Growing up as a New Jersey Devils’ fan meant if I wasn’t in a seat at Continental Airlines Arena, I would be watching the action from home courtesy of Chico Resch and Mike “Doc” Emrick. Emrick would leave the Devils in 2011 to take on a national broadcasting job, but his ties to New Jersey were never forgotten. Especially because Emrick calmly called the crowning moment in Devils’ franchise history, the 1995 Stanley Cup championship. Years later, he would return to a broadcast booth in New Jersey to excitedly tell us: “Henrique, it’s over!”
Just over a week ago, Doc Emrick formally announced his retirement from calling NHL hockey games on NBC. Though it’s hard, almost impossible, to image the game of hockey without that familiar voice, the full impact of Doc’s persona is truly starting to be felt.
There have been a lot of famous sports broadcasters tasked with “painting the word picture” of the game. Some broadcasters had signature calls, just as New York Yankees radio broadcaster John Sterling has his famous personalized home run calls. Doc on the other hand, decided to put the dictionary to work in ways no sports broadcaster has ever done before. Because of him, words buried in the pages of Merriam Webster’s book such as “waffleboarded” would become common lexicon for us hockey fans for years to follow.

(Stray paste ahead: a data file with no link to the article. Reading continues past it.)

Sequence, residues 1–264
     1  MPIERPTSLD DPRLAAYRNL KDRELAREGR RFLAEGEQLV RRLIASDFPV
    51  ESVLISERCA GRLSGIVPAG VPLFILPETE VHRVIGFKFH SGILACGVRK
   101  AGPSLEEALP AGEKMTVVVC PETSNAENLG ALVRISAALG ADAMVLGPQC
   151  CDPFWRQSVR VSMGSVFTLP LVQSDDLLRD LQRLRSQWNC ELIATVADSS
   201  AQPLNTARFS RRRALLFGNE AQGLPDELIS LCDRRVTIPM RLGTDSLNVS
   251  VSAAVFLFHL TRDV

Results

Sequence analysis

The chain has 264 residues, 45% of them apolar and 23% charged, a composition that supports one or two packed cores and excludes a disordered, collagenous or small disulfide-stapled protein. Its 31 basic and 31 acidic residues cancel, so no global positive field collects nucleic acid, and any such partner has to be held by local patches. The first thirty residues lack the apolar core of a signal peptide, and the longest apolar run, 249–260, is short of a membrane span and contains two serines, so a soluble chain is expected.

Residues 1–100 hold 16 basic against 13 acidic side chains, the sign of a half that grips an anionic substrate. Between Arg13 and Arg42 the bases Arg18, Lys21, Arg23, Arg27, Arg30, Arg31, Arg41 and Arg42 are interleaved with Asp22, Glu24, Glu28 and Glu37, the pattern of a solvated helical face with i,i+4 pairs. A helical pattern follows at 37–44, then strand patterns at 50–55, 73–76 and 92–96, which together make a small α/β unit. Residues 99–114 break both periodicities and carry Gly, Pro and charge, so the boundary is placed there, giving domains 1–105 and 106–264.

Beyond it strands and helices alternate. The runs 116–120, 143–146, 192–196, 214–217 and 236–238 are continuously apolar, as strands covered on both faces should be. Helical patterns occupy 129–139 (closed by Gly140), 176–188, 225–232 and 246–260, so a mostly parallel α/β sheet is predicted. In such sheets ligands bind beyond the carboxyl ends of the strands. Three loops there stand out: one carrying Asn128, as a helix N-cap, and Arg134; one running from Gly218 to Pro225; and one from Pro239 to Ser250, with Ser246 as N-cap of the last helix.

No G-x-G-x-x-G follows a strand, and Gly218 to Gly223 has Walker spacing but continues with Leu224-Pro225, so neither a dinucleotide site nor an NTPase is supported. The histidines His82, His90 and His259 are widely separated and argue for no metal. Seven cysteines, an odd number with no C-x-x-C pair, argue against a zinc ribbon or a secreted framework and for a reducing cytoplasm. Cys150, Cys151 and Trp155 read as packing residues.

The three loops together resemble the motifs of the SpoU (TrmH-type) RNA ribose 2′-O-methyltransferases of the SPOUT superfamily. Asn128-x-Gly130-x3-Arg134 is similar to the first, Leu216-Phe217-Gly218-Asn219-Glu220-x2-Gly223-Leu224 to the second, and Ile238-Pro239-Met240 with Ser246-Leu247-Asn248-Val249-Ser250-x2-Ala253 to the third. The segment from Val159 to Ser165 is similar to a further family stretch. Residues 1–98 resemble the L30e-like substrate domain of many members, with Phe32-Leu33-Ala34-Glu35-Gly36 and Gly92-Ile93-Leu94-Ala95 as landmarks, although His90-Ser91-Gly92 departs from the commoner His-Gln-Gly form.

The sport of hockey has always been “different”, for lack of a better word. It attract its own unique set of fans who prefer cold buildings instead of hardwood courts or outdoor fields. We are different people, watching a different sport, and Doc spoked to us in his own different hockey language.
That’s what made Doc so appealing. Even if you knew nothing about hockey, his mile-a-minute descriptive exploits would capture your attention. Once he got your attention, you were hooked.
Every Day Is A New Adventure
When the tributes to Doc’s work started coming out, Liz Roscher of Yahoo News said it best that “Emrick could keep you interested because he was always interested.” Most sports broadcasters go about their job with each game being “just another day at the office”. For these lucky few that make a living watching great sports accomplishments, they’ve been there and seen it all. Doc made sure he was the exact opposite of that.
Every game was a new experience for Doc and his viewers. Watching every game with Doc felt like you were were watching your first game. It’s ironic because if anyone in the hockey word had done and seen it all, it was Doc. But, Doc knew that his viewers ranged from the diehards who watch 82 games a season to a young child just tuning in for the first time, and he found a way to make it equally exciting for both of them and every viewer in between.
The Importance of Broadcasting
Doc was a student of the game and a walking historian. He could tell you what’s happening on the ice, while seamlessly weaving it into a relevant story from his vast memory banks of hockey knowledge. Every game wasn’t a game, it was also a lesson to his viewers. They didn’t need to take notes to walk away after the game feeling smarter about the sport than they were when they tuned in.
Thinking back on all the different sports and sports broadcasters, Doc has one essential thing the rest of them lacked. Doc Emrick might have been the only broadcaster that made his job in the television booth seem just as exciting as the players on the ice. Listening to him made being a broadcaster seem just as fun as being Scott Stevens, with a lot less injuries of course.
Doc, thank you for the great moments and enjoy your retirement. You’ll forever be remembered in the hockey world for your excitement and passion.